As I launched out the window of an inflatable bouncy castle into the warm autumn air and then the mud below, the only thought undiluted by copious amounts of alcohol was: This is what freedom feels like.
It was Saturday, the last night of Orientation Week, and hundreds of first-years were coming together to celebrate on University College Hill, a giant grassy quad on campus. Western University was known for having the most epic frosh week in Canada, especially on the last night, when a B-list Canadian band always played. This year, it was Down With Webster. Sex with Sue, the infamous old lady we watched after-hours on TV while our parents slept, would show us how to put on condoms, and loud music would play all night alongside carnival games, corporate sponsors and their free grub, and bouncy castles.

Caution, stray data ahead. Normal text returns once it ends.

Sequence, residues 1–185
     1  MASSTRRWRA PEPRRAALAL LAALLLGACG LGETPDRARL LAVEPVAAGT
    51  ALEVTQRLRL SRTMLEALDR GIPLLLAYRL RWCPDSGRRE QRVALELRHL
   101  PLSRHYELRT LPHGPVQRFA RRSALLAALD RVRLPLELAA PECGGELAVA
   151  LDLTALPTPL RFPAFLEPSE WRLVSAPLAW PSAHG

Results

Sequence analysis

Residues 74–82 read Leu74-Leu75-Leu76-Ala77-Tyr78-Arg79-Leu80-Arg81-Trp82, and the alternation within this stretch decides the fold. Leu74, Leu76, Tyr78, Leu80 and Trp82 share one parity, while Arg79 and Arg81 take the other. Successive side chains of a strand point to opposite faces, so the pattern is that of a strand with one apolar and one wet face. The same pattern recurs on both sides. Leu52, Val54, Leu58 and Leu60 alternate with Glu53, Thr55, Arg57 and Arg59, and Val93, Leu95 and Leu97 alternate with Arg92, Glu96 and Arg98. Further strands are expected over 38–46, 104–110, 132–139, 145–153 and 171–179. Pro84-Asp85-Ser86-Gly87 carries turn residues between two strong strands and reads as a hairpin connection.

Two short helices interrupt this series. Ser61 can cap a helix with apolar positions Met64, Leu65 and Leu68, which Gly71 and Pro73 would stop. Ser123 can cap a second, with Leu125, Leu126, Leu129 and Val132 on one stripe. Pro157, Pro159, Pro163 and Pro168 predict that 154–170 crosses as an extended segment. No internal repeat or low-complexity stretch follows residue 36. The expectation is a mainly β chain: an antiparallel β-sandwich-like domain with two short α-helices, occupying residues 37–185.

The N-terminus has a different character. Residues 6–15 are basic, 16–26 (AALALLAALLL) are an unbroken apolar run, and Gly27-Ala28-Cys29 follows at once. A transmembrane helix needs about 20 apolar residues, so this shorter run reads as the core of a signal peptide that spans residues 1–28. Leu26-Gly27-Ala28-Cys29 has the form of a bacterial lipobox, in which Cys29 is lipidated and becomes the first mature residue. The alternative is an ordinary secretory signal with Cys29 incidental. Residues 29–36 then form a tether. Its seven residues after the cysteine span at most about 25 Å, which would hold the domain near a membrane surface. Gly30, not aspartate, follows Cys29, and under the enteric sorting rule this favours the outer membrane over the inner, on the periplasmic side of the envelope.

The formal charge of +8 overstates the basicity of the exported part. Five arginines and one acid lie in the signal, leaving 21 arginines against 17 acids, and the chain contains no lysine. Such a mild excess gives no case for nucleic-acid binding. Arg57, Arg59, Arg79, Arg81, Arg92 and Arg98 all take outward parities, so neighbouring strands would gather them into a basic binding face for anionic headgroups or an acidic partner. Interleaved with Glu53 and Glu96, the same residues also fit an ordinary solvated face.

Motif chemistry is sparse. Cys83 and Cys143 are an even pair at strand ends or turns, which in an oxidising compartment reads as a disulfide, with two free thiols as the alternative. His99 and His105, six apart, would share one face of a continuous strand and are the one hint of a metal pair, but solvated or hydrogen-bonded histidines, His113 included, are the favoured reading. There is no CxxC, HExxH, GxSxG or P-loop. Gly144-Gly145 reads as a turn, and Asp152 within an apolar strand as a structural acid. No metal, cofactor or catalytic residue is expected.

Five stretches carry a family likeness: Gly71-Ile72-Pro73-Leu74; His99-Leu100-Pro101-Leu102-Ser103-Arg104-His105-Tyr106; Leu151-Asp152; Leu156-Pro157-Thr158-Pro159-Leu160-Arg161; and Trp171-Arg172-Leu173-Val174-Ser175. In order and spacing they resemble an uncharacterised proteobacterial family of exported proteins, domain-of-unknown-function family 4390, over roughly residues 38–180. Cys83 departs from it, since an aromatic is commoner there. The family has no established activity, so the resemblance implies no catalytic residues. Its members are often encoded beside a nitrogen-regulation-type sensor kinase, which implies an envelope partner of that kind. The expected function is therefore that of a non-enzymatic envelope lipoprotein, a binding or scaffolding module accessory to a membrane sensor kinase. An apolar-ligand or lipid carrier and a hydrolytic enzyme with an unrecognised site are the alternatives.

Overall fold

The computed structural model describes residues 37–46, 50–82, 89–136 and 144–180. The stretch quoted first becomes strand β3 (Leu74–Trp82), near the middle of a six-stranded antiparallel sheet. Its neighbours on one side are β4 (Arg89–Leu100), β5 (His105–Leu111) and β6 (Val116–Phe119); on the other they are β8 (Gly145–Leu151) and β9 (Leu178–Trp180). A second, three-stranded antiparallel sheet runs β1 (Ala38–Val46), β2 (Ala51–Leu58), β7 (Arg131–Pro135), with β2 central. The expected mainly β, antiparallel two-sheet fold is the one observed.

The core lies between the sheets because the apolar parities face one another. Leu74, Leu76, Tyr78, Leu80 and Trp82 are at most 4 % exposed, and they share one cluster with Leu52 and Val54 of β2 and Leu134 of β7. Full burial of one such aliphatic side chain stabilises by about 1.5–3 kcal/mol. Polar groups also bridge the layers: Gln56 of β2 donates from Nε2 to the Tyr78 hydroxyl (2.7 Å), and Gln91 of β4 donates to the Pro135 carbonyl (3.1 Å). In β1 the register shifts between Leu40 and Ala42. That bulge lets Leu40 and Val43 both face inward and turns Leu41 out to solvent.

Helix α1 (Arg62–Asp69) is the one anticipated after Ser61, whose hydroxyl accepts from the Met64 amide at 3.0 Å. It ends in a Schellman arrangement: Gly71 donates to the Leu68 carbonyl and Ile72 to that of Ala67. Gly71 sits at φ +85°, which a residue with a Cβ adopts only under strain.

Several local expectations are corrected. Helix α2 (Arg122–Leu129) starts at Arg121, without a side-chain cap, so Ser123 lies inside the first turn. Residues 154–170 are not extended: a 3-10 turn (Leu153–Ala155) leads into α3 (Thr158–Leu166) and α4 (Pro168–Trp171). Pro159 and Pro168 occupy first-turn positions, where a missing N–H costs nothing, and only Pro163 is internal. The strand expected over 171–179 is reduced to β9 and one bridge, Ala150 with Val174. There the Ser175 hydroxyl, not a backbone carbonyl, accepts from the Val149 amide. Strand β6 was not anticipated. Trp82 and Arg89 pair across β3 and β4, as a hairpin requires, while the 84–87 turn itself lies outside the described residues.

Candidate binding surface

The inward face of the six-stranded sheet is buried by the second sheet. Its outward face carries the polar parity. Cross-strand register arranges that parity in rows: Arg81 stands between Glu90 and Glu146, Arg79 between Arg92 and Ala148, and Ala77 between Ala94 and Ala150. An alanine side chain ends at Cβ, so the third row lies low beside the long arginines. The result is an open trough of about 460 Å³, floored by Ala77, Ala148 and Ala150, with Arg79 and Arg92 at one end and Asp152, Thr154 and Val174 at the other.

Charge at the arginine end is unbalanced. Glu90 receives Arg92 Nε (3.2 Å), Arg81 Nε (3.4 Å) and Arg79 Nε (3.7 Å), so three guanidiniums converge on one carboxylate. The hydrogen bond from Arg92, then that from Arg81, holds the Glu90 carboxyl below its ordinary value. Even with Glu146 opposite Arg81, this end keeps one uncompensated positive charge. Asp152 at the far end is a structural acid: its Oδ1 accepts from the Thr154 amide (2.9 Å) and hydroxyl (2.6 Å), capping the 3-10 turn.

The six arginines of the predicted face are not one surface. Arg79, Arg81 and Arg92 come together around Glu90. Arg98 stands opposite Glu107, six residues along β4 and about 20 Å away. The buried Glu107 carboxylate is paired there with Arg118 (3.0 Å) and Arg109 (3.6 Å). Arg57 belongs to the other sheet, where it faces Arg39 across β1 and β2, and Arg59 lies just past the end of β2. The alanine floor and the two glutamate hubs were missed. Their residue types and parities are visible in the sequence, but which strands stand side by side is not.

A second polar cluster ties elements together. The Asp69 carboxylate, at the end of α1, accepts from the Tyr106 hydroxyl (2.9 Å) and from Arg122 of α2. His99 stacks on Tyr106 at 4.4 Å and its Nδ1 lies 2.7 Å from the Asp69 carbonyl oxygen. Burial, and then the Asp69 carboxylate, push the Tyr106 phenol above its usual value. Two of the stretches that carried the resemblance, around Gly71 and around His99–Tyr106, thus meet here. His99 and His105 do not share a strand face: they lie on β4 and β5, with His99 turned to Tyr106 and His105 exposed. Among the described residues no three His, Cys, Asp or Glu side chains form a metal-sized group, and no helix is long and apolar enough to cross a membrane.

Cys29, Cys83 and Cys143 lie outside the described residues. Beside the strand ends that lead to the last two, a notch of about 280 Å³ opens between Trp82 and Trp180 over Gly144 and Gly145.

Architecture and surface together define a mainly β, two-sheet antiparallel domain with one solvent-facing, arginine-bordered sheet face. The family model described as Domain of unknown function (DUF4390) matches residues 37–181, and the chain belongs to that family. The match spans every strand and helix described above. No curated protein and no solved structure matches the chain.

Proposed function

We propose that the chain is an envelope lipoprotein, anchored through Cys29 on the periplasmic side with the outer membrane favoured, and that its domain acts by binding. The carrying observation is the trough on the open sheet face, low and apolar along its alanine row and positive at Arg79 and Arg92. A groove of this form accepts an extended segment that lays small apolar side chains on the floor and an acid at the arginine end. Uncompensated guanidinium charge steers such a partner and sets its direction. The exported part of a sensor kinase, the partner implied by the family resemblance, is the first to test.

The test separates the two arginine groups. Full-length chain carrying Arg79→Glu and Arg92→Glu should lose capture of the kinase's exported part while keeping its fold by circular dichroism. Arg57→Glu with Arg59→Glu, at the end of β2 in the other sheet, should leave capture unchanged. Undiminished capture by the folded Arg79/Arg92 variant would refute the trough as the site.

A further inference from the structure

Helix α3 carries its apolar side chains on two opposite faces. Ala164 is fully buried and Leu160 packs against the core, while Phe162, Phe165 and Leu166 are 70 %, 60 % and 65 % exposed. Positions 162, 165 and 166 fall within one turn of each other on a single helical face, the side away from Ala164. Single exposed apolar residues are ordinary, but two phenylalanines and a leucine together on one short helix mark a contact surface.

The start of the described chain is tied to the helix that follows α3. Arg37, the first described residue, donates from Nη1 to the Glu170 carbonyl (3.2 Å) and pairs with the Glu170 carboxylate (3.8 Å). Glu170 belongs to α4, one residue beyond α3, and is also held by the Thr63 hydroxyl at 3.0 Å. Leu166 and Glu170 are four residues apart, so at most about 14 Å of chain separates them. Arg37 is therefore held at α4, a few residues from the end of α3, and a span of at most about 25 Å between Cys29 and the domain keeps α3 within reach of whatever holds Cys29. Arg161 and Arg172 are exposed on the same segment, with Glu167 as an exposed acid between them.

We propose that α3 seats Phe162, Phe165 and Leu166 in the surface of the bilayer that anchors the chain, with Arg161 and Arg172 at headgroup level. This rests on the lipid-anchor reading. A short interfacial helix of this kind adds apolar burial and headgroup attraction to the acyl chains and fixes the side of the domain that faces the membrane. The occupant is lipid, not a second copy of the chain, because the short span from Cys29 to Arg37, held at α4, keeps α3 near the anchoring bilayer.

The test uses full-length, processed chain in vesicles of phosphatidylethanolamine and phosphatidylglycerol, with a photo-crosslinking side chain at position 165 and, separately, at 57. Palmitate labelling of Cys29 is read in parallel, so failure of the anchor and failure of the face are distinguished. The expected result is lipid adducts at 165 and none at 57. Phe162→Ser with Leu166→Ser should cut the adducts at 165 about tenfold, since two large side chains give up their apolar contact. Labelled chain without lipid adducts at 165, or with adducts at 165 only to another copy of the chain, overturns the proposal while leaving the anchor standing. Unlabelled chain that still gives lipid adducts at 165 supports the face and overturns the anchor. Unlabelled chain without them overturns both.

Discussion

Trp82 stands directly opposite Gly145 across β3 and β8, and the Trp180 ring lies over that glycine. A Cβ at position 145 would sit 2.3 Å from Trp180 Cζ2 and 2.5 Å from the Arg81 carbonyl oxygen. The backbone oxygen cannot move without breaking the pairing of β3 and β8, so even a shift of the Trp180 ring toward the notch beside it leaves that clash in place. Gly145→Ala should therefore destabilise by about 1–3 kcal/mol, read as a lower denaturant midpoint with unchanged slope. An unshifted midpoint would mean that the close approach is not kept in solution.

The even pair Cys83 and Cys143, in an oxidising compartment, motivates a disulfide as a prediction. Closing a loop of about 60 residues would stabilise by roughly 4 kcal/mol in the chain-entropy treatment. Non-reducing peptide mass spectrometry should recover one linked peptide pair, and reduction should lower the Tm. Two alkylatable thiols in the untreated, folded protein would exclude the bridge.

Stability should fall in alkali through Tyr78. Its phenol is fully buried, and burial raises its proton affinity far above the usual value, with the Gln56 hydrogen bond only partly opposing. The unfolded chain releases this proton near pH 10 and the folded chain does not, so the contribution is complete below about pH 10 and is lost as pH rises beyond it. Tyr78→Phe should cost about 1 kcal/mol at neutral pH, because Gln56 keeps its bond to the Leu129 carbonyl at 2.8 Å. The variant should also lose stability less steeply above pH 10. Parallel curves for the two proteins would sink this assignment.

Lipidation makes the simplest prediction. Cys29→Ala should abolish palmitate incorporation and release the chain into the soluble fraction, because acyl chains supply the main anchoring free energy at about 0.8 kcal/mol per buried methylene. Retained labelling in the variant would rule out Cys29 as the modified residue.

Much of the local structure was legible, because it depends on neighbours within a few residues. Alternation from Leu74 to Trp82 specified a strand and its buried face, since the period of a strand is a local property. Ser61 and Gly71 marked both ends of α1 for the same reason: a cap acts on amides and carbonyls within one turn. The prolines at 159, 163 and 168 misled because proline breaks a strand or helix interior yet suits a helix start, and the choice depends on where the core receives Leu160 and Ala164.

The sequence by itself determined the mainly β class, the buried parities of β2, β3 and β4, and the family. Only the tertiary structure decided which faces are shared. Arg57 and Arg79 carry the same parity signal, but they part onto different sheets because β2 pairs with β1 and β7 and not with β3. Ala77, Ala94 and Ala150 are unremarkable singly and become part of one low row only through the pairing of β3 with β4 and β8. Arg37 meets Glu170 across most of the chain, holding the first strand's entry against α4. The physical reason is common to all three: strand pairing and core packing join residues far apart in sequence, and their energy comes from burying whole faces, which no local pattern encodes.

A week ago, I had been sobbing in the basement of the house where I grew up, clutching my high-school boyfriend’s tear- and snot-stained shirt and cursing myself for thinking I could handle moving away from home. I cried the whole way to London, past the small cities I had never heard of and the luscious Greenbelt. I cried as I walked up to my new room in Medway-Sydenham Hall and looked at the small space, crammed with two twin beds and two desks, that my best friend Taz and I would be sharing. I cried as I unpacked boxes, as I put my mattress protector on, as I wiped down empty drawers, as I unloaded my underwear from the vacuum-sealed bag and folded them neatly. I cried as I closed the drawer. I cried when I realized there were no other brown-skinned girls on our floor besides us. I cried so much that my floormates and their parents were calling me “the crying girl.”